Anyone working with any other system producing or consuming JSON will need to separate out the parsing and generation of data between “standard” and “FHIR compliant”. Developers will then need to remember which one to use on a given data set at a given time, or else translation errors like loss of precision will occur.

The simplest case I can see would be a value similar to:

{ “val” : 3.0000000000 }

A standard parser will treat that as an integer value and reduce to a single significant digit - without warning or error.

For a trivial use-case, consider a web API that modifies JSON as data flows through it (e.g., adding a value for tracking) by parsing and recreating the object.

In the example you post @grahamegrieve , the relative error is very small and is not likely to be clinically relevant. As @lloyd said above, precision errors are quite likely to be clinically relevant.

The current solution of modified JSON works as long as a developer stays within the FHIR bubble and is aware of this behavior. Given that we refer to the data as JSON, developers will (rightfully) expect JSON-formatted data. Further given that standard parsers will work, people may not discover an issue until an incident has occurred.



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Thanks for voicing my concerns in a more professional manner! I was stridently upset when I posted the other night and acted the jerk.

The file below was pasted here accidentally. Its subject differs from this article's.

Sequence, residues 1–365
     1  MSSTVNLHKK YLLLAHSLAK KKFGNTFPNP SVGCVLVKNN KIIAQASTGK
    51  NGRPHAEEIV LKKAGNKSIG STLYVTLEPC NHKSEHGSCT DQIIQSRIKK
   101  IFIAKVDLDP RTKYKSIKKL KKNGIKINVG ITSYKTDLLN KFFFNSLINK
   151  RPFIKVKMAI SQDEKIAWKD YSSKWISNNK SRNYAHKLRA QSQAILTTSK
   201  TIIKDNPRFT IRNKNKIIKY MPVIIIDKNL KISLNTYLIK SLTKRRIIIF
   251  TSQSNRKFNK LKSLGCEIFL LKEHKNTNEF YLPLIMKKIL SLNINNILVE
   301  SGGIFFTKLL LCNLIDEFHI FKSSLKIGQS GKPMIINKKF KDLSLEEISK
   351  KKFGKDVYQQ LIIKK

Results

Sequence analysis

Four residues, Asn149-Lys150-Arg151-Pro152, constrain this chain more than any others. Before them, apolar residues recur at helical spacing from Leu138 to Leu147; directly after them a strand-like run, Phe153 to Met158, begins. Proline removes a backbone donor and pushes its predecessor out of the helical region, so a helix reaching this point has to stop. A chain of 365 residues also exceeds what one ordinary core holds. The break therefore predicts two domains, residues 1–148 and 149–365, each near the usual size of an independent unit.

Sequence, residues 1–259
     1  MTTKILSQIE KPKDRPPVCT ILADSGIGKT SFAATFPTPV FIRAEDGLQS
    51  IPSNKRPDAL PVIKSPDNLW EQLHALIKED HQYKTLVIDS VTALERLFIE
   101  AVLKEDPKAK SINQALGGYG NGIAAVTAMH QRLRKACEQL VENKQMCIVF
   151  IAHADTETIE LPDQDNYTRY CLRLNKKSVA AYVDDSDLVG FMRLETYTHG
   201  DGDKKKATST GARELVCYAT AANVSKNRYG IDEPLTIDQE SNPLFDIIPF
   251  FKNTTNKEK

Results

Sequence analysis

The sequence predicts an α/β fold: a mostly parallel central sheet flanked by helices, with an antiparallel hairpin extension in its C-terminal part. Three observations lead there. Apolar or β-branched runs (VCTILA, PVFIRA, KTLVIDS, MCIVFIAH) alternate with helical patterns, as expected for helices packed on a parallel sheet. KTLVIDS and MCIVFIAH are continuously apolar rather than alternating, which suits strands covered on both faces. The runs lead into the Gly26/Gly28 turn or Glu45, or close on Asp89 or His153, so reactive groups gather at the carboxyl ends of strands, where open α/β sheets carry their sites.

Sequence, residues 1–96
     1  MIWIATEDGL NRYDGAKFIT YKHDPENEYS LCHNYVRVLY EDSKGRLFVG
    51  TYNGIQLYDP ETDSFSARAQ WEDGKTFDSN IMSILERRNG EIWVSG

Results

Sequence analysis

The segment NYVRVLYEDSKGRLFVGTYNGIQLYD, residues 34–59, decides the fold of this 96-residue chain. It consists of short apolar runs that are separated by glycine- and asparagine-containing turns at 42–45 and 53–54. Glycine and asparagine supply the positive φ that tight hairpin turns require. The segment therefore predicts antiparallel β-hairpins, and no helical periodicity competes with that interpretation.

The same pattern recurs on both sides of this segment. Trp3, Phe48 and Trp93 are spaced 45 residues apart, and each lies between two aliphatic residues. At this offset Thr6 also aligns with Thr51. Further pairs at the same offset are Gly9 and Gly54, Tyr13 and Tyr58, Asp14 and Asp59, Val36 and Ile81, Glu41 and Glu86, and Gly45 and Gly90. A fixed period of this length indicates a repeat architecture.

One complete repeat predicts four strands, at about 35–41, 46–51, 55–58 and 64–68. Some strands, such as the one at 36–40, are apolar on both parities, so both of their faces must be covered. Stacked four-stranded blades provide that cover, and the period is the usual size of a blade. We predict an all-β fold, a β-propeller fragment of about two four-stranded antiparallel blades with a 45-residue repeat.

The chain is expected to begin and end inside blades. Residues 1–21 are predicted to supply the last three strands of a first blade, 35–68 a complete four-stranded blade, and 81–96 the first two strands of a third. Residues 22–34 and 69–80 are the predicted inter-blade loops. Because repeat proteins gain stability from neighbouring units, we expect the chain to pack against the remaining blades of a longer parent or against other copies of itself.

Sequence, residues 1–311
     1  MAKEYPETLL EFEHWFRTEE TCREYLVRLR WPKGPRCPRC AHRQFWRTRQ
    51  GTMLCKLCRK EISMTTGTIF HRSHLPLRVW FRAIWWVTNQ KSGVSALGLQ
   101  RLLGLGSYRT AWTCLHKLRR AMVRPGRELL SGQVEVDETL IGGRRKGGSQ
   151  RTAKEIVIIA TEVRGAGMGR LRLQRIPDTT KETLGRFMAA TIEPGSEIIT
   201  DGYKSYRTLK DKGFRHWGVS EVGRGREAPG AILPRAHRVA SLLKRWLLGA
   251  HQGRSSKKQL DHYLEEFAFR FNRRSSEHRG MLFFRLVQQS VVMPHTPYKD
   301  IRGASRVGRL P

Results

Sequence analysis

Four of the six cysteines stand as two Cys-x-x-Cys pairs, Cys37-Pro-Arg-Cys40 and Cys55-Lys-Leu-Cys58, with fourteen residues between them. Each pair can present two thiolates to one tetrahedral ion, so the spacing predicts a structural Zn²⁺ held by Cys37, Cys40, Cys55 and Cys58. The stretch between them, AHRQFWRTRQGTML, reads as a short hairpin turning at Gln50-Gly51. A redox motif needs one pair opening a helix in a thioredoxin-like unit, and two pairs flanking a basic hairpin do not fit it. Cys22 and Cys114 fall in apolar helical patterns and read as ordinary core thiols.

It’s just hard for me to understand how, when the XML variant simply encodes all numbers as strings – and there are so many extant versions of FHIR, that breaking the JSON standard could be anything other than an act of intentional sabotage similar to regulatory capture (adding useless barriers to prevent competition in a space).


There is a valid point here but @scott you have to remember that if changed, 99% of the developers will be going “wtf” as to why numbers are represented as strings, because nobody wants to deal with that either.

Are you working with a use-case where this is clinically relevant?

You’re not making friends with claims like that either. Please see our Code of Conduct at http://wiki.hl7.org/index.php?title=FHIR_Code_of_Conduct